It is curious that most of those who insist that the drafter's intent gives meaning to a statute reject the drafter's intent as the criterion for interpretation of the Constitution. I reject it for both. I will consult the writings of some men who happened to be delegates to the Constitutional Convention--Hamilton's and Madison's writings in The Federalist, for example. I do so, however, not because they were Framers and therefore their intent is authoritative and must be the law; but rather because their writings, like those of other intelligent and informed people of the time, display how the text of the Constitution was originally understood.
Greenhouse is right that debates about constitutional interpretation pre-dated and now post-date Scalia. But she is wrong about his position in that debate and thus fails to appreciate his profound impact on it. Although Scalia was not the only self-styled originalist to shift from original intent to original public meaning, he was one of the first and certainly the most prominent. And as a consequence of his influence, the vast majority of self-styled originalists now favor original public meaning. That is a major and lasting legacy.

By reorienting originalism in constitutional interpretation, Scalia thus saved originalism from the very sorts of critiques that he himself had leveled against intentionalism in statutory interpretation. But in saving originalism he also destroyed it, because once originalism was loosed from 18th century attitudes (or 19th century ones in the case of provisions like the 14th Amendment), judges and scholars could plausibly claim fidelity to original meaning while voting for outcomes that were inconsistent with the specific intentions and expectations of earlier generations. Once the likes of Ronald Dworkin and Jack Balkin were able to embrace originalism (as Dworkin did as early as 1996 in his book Freedom's Law and as Balkin did more recently), originalism ceased to be a distinctive position in debates over constitutional interpretation.

To be sure, Scalia's actual votes in constitutional cases do not appear to have been driven chiefly by his devotion to original public meaning. But neither were they driven by a devotion to original intent. Like just about all justices, Scalia's votes were best explained in nakedly ideological terms. He typically voted for conservative outcomes and then (sometimes) offered originalist rhetoric to rationalize those results.

That said, Greenhouse assumes (and I agree) that jurisprudential philosophy--whether in statutory or constitutional cases--can make some difference sometimes. And if any judge or justice would have a lasting influence due to his or her jurisprudential philosophy, it would be someone like Scalia, who regarded judicial philosophy as important.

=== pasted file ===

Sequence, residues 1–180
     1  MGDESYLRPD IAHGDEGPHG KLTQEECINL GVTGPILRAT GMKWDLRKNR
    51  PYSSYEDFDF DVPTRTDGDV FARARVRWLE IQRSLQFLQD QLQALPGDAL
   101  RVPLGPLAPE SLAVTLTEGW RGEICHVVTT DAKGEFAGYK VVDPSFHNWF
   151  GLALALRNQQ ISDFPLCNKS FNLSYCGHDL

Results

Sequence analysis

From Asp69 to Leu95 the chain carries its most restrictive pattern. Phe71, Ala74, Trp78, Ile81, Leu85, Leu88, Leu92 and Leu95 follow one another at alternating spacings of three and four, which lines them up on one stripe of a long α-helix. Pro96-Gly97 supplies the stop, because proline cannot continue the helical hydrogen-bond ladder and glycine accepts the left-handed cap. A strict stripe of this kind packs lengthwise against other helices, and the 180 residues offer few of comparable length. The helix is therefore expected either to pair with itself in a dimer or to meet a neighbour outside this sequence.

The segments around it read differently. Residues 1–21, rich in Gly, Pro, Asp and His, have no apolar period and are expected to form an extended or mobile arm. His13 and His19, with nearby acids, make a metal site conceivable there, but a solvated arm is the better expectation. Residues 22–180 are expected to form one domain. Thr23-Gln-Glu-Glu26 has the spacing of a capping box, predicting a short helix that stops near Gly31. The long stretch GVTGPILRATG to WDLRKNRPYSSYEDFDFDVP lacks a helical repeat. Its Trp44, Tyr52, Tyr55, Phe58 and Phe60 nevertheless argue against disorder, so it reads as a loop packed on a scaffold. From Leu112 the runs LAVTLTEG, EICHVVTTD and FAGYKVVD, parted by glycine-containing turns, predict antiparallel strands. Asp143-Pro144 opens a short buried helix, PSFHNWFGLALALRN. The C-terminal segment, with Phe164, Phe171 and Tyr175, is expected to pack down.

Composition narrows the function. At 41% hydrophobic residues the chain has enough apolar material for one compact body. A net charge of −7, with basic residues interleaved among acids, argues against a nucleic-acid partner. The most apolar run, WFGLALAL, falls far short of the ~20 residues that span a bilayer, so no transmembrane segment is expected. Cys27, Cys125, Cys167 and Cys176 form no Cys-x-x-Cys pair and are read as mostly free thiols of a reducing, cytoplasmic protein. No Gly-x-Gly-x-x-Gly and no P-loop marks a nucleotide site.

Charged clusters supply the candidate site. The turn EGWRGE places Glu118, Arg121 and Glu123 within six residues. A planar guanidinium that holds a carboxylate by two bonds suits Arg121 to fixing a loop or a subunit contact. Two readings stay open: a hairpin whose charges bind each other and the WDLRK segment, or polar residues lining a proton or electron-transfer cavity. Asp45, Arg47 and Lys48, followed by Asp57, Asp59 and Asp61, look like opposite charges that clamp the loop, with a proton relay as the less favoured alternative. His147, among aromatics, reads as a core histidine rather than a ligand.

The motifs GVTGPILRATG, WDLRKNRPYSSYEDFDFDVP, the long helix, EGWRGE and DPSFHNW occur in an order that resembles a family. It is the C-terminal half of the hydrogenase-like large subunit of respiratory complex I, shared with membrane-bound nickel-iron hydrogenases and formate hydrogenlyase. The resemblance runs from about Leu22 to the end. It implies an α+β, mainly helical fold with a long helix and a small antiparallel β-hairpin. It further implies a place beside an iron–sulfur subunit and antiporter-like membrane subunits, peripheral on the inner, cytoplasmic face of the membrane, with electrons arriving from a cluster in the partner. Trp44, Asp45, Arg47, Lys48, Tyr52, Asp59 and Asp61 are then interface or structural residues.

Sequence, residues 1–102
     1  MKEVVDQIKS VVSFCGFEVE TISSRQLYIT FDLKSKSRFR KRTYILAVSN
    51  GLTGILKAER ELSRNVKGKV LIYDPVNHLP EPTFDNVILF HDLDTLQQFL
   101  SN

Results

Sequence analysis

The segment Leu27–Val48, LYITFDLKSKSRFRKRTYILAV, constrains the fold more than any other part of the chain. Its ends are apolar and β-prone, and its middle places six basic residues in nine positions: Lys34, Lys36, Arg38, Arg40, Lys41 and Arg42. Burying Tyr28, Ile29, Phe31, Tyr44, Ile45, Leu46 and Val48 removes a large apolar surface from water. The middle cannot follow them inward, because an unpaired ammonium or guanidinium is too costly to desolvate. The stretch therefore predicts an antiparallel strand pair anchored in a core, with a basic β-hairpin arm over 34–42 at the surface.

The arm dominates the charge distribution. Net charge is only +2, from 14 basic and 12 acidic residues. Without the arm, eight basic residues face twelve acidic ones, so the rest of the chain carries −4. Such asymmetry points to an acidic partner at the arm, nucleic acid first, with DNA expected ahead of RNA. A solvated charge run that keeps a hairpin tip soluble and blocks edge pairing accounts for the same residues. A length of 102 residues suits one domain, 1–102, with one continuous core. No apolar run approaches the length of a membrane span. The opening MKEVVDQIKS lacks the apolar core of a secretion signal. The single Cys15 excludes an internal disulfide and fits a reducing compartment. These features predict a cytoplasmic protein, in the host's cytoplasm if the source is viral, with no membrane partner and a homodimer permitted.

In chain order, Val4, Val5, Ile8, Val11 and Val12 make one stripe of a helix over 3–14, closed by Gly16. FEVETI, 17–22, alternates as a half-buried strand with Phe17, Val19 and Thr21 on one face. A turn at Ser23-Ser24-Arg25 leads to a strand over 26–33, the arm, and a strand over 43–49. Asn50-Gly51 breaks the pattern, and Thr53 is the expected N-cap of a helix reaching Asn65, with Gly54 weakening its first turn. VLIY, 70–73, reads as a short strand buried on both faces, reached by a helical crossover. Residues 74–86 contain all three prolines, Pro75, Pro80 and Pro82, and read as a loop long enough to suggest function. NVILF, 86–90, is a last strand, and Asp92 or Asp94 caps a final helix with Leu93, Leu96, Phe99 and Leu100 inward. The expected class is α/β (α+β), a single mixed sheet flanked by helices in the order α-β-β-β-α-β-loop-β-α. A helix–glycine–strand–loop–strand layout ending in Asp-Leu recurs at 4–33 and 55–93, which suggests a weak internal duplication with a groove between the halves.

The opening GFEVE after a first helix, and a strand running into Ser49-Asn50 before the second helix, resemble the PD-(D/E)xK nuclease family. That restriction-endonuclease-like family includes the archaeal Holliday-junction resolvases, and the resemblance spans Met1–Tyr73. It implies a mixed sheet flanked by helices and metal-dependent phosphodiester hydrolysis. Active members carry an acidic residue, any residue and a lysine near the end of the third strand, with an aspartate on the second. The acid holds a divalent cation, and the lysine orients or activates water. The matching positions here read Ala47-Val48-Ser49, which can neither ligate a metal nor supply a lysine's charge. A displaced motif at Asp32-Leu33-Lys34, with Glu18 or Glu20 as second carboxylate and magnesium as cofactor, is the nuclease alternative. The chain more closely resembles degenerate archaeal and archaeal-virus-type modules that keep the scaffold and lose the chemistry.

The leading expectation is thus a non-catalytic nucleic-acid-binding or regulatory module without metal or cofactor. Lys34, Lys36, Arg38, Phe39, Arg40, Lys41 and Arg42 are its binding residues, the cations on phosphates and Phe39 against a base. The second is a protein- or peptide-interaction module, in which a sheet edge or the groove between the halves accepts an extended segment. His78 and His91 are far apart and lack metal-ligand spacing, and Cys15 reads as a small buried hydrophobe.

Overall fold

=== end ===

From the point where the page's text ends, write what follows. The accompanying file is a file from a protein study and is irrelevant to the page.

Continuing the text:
When it comes to the particulars, though, Greenhouse is wrong. Scalia's legacy in constitutional interpretation is substantial. More than anyone, we have Scalia to thank for killing originalism.


Shag from Brookline said...

Somewhat of a contrast to Greenhouse's column is:

"Antonin Scalia’s disruption of the Supreme Court’s ways is here to stay" By Richard L. Hasen at:

I anxiously await the reaction at the Originalism Blog to Mike's closing sentence.

Joe said...

How does "original public meaning" -- how it was "originally understood" -- "loosed from 18th century attitudes"? Using Scalia's conceit at least, the idea is the original meaning. This would entail the original attitudes, right? What people at the time thought something meant reflects their attitudes.

Anyway, I find the whole thing confused and along with Scalia's boorish way of expressing it, the whole thing is depressing. Congrats on Richard Hasen's new book, but to the degree he still matters, much of it is not positive. I respect that Scalia did engage with his critics, but repeatedly he did not seem to truly understand what they were saying, lashing out with invective and scorn. This often is a reflection of ignorance. He did make RBG laugh though.

Joe said...

Also, Scalia is known for his textual analysis, but critics had a field day showing how the alleged "limit" here in practice amounted to him selectively making decisions, providing much room for judicial flexibility. Plus, even using his own alleged rules (see also, originalism), different results repeatedly was possible.

The whole no legislative history thing was taken to exaggerated lengths too, it a perfectly fine tool among many to fill in the gaps. A long used tool that suggests that we should assume that legislators legislate with the idea that it will be used by judges. Anyway, the recent competing concurrences cited by Greenhouse does suggest a few justices still are somewhat loyal to Scalia, at the very least Judge "got to look at the text" Gorsuch.